Nish: “They scored two quick goals to make it 6-4 and they were probably preventable. At that point you think ‘Oh no’.”
Craigan: “You could see their body language change. I always thought we could score, but my worry was always of letting more in.”
Hughes: “At 6-3, you could see them getting confidence and we buckled and we lost bad goals.
“All that season we were an attacking team, it was about goals. Should I have changed it and got us to sit back a wee bit? I always think the best form of defence was attack.”
76 minutes (Motherwell 5-6 Hibernian) – ‘The defending left a lot to be desired’
By this point, Hughes’ Hibs were struggling to string a pass together as Motherwell fans listening on radios outside in their cars attempted to rush back into Fir Park. With 14 minutes to play, striker John Sutton outjumped goalkeeper Smith to crash in a header. From the dead, Motherwell were a goal away…
Craigan: “We then got it back to 6-5 and I just thought about Ian Murray ‘he’s right!’.”
Collum: “I think both teams would agree the defending left a lot to be desired and maybe the goalkeeping as well. It was just thrilling, though.”
86 minutes (Motherwell 5-6 Hibernian) – Penalty Motherwell
Four minutes left on the clock. Car-crash moment for Hibs goalkeeper Smith. The former Motherwell man hurtles off his line to gather the ball as Jutkiewicz runs through, clattering the striker in the process. Collum points to the spot and the ball is handed to substitute Ross Forbes…
Craigan: “We got the penalty and I thought ‘This is it. If we score this then we can even win this’. How could you think that having been 6-2 down? Then Ross missed, and you think ‘there you go, that’s it gone’.”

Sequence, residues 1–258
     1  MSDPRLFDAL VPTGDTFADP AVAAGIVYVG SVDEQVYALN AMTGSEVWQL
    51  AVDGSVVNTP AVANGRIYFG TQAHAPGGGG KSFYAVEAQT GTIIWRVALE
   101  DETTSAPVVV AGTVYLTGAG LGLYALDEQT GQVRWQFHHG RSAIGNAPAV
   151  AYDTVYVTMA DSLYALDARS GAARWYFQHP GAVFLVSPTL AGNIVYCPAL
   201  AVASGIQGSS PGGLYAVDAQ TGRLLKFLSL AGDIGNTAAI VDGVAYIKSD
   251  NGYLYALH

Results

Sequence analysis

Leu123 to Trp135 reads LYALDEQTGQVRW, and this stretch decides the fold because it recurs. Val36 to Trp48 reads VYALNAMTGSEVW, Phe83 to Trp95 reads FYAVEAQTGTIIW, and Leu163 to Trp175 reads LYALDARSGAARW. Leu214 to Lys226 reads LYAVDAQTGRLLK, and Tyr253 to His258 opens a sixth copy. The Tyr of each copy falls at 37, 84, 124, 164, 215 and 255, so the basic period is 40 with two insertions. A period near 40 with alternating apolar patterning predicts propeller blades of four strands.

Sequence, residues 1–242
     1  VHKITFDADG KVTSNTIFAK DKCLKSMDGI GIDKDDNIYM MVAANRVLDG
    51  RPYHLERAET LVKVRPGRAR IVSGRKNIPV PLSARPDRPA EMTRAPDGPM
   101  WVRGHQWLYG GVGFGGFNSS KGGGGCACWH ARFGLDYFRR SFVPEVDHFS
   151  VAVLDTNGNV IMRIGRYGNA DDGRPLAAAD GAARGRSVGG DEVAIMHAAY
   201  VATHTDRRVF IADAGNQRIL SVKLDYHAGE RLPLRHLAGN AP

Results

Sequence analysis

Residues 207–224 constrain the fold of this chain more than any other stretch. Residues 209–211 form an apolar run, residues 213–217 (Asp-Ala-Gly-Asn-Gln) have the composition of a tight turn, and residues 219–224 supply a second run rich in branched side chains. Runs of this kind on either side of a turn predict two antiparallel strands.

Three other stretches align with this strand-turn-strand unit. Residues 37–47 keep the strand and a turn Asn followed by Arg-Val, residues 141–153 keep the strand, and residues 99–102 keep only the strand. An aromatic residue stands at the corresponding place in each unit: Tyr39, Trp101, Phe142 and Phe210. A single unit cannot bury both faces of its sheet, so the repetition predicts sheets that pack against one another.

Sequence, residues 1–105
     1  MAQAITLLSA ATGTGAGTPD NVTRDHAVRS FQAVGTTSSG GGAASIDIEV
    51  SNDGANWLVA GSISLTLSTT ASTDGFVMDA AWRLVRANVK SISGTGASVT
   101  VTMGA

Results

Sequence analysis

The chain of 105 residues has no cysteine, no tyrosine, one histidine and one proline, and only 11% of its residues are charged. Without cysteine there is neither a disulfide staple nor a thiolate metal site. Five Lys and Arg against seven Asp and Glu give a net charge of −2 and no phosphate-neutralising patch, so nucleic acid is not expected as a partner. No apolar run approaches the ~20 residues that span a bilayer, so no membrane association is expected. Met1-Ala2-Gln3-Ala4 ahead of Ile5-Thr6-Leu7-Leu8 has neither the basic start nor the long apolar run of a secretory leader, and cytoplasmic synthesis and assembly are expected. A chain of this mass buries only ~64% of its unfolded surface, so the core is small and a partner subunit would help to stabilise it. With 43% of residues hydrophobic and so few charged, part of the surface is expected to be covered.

Nish: “I never felt in threat of not winning the game. Obviously Motherwell scored and then again, but we got a wee fright when the missed their penalty.”
Collum: “When Motherwell missed the penalty you thought they had missed their chance.”
Jutkiewicz: “A lot of people forget we missed a penalty at 6-5. Had Ross not been on the pitch I’d have taken it myself, but Ross was designated penalty taker and had a great left foot. I said ‘Do you mind if I take it?’ and he said ‘No I’ll do it’.
“At 6-5 down and you miss a penalty, you think that’s it. All you can do is hope for the best, hoping for that one chance.”
93 minutes (Motherwell 6-6 Hibernian) – Flying kitmen & tight angles
Two-and-a-half minutes of four extra minutes had been played. The Hibernian defence by this point were kicking the ball in every direction they faced – sometimes actually managing it – while Hughes covered every inch of his technical area like a possessed budgie. With the last roll of the die, Fir Park held its breath as Sutton’s thundered ball forward soared into the dark Lanarkshire sky, with barely enough time left for it to descend…
Jutkiewicz: “John Sutton just hoofed it over their defence. I was 21 at the time so I had more legs than I do now, and I managed to get my body between the ball and Paul Hanlon. Once I got into the box I knew it was the last chance I had, I just thought ‘get have half a yard and get a shot off’.